Novel chemical synthesis methods are also being developed to produce "chimeric" molecules that contain organic turn units and hydrogen-bonding networks of amino acids (Winningham and Sogah 1997). Another approach includes incorporating all tools of chemistry into the synthesis of proteins, making it possible to produce, for example, mirror-image proteins. These proteins, by virtue of their D-amino acid composition, resist biodegradation and could have important pharmaceutical applications (Muir et al. 1997).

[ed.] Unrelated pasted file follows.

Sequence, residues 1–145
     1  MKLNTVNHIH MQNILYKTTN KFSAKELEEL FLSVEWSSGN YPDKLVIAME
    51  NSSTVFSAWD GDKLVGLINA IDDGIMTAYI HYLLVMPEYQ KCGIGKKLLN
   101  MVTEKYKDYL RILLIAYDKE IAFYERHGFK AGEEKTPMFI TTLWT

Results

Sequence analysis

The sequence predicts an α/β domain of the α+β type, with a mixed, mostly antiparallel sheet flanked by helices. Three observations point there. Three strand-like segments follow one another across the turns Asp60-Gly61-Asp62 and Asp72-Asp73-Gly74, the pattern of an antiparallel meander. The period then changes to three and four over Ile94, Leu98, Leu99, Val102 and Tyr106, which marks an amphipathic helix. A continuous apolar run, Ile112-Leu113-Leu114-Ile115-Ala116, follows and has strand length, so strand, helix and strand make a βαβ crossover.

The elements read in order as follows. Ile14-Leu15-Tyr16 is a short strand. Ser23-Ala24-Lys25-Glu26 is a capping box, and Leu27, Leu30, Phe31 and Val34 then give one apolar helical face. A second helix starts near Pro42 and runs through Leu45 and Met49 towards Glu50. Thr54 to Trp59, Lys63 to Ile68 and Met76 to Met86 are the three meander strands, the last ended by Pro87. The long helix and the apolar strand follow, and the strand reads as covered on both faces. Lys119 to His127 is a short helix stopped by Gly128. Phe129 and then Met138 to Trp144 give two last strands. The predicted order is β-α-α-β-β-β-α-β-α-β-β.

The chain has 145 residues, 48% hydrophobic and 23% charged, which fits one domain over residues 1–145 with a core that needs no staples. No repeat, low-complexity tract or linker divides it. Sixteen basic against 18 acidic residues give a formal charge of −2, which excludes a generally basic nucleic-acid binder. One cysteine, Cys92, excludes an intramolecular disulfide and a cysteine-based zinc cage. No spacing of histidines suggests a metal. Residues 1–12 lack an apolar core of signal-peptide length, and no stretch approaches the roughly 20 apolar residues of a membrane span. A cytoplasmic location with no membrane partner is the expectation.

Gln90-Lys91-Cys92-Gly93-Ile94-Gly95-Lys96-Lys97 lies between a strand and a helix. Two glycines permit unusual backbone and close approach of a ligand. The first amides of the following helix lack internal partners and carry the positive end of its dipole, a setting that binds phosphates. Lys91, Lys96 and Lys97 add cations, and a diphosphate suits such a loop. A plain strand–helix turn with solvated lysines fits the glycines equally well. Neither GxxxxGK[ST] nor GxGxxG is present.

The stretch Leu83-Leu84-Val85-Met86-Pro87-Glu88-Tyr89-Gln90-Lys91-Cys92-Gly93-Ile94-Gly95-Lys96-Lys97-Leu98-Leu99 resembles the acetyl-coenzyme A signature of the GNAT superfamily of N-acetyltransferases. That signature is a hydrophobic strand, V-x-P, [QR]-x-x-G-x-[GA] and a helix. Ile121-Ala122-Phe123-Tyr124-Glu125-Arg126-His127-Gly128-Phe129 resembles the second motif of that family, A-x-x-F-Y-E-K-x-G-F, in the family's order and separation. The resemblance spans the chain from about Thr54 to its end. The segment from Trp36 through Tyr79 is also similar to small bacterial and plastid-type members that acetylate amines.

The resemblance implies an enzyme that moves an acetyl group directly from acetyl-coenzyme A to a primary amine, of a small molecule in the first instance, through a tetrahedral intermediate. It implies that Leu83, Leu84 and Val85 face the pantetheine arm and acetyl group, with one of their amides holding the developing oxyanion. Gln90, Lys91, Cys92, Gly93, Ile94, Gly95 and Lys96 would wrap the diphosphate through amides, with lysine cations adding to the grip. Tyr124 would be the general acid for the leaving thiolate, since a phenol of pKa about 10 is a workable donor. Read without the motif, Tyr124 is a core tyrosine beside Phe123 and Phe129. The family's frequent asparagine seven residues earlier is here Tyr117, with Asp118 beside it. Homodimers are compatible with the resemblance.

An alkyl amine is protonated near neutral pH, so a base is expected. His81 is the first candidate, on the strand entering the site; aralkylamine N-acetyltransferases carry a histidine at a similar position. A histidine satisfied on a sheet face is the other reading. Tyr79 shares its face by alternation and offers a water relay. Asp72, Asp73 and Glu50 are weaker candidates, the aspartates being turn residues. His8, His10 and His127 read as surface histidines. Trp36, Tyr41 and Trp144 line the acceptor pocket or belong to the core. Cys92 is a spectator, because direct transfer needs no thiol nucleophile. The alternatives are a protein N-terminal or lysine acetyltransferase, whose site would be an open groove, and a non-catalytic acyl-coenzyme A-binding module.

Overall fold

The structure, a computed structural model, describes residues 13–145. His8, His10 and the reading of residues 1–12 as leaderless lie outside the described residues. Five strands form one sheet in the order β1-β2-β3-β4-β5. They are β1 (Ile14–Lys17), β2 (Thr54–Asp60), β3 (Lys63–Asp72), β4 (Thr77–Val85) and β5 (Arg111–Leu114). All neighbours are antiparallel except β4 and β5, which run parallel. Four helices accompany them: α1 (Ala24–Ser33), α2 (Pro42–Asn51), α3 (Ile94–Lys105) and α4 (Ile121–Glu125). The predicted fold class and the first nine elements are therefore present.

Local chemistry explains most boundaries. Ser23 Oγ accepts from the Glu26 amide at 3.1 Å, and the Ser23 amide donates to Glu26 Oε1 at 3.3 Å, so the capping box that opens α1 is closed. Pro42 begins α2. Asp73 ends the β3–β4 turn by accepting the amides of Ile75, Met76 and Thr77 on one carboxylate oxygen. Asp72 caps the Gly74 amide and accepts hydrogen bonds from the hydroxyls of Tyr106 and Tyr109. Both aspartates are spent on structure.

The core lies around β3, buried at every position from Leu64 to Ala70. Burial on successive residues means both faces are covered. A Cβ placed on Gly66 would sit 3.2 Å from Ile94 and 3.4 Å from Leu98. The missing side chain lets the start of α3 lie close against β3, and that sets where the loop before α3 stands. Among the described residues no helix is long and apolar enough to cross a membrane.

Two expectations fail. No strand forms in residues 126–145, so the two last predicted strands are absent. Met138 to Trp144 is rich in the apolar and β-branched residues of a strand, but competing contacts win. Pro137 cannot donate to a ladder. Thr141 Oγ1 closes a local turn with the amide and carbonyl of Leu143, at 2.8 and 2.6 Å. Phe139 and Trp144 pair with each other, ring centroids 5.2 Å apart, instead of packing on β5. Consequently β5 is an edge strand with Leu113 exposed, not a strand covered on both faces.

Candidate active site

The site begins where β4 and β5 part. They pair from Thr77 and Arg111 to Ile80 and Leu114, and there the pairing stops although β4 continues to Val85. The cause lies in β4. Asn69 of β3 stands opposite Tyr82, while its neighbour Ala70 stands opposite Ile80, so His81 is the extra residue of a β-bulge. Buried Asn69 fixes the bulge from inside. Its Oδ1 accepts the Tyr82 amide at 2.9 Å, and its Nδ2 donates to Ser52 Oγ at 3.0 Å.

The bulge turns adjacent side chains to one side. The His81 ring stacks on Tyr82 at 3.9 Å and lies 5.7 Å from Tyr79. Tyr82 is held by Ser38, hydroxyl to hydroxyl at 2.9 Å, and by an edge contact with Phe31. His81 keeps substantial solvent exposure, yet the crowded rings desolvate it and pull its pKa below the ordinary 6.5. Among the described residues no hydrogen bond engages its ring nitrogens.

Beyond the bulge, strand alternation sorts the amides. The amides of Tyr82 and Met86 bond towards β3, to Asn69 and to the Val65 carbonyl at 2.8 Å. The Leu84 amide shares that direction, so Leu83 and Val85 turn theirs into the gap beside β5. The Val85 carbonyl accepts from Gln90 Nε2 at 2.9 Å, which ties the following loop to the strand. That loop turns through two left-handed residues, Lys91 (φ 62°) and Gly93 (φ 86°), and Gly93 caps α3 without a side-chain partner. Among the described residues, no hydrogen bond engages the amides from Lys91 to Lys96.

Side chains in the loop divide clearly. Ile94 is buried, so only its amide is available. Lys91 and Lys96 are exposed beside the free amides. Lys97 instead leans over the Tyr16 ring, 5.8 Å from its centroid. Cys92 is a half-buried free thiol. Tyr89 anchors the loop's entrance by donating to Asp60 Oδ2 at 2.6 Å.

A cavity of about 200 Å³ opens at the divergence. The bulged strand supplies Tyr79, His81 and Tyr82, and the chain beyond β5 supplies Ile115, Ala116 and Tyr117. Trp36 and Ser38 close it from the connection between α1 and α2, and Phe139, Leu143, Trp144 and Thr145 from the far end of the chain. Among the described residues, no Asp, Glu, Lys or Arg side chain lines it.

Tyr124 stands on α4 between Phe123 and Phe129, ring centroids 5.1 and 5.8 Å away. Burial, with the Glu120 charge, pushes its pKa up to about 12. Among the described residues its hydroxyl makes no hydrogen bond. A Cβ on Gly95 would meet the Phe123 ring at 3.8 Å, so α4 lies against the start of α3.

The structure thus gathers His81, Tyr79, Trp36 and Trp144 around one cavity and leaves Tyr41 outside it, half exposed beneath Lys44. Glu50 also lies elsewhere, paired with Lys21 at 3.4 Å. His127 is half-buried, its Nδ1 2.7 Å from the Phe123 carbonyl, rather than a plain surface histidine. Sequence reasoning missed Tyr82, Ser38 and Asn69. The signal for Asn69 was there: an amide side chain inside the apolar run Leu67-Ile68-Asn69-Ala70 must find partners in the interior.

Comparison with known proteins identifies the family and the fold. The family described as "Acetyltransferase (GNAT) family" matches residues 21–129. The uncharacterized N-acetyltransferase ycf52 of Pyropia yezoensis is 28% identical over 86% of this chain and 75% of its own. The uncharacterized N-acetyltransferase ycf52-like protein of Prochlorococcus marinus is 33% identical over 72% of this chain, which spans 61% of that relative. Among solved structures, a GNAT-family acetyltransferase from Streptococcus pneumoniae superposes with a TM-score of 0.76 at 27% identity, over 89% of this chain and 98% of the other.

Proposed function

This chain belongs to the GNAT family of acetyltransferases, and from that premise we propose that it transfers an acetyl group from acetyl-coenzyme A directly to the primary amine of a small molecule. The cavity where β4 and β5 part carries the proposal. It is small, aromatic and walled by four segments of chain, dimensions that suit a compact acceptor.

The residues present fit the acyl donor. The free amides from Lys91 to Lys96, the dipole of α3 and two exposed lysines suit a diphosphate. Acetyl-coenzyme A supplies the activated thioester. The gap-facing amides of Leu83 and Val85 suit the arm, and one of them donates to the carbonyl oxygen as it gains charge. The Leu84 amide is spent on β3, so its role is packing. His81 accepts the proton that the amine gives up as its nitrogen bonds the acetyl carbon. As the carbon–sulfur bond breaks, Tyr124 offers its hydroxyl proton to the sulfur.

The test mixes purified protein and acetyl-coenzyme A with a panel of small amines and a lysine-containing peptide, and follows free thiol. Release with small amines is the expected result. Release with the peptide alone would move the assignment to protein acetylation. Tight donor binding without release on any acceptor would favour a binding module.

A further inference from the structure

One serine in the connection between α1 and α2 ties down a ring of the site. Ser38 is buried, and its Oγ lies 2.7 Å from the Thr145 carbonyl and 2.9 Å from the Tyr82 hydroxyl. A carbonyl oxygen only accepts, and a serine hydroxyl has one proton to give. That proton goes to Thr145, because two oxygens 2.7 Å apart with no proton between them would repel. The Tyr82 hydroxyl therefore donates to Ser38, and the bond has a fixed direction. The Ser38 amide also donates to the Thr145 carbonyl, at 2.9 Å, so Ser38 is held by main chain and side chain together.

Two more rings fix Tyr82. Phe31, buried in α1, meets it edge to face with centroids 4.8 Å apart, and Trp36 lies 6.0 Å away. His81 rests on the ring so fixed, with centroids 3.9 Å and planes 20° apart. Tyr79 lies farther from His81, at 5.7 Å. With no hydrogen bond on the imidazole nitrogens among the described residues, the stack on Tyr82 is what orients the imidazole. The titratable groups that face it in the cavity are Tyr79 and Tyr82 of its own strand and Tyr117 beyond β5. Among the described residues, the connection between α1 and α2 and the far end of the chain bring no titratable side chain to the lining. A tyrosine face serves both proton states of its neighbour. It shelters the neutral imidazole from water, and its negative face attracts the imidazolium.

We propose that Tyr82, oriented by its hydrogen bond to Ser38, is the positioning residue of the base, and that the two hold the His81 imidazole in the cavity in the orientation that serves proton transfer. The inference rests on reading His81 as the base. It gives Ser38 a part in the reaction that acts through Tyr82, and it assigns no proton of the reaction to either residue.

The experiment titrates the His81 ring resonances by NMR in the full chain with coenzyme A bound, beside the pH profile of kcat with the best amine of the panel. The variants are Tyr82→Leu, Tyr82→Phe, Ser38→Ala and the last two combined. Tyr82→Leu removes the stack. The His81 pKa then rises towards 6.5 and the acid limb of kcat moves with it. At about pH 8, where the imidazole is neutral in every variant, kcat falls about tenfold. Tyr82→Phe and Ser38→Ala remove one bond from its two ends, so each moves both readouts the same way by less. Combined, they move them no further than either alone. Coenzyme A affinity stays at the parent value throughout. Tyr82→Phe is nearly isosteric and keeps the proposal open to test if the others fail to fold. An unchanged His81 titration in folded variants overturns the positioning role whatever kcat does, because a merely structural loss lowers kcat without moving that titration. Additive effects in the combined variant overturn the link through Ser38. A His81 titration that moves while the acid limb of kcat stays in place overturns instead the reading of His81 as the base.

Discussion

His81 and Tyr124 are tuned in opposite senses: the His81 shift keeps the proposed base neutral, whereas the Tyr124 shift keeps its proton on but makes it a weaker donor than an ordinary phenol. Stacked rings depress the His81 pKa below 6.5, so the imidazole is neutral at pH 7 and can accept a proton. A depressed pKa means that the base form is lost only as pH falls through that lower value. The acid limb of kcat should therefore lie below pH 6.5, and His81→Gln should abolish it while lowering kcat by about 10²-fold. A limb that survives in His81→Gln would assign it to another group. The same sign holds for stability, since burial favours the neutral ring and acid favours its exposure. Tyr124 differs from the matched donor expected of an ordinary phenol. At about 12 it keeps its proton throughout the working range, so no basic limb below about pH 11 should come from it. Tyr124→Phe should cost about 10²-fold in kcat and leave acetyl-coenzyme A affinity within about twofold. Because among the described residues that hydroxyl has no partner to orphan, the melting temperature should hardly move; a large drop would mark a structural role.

Arnold and coworkers are using a totally different approach to produce proteins with enhanced properties such as catalytic activity or binding affinity. Called "directed evolution," this method uses random mutagenesis and multiple generations to produce new proteins with enhanced properties. Directed evolution, which involves DNA shuffling, has been used to obtain esterases with five- to six-fold enhanced activity against p-nitrobenzyl esters (Moore et al. 1997).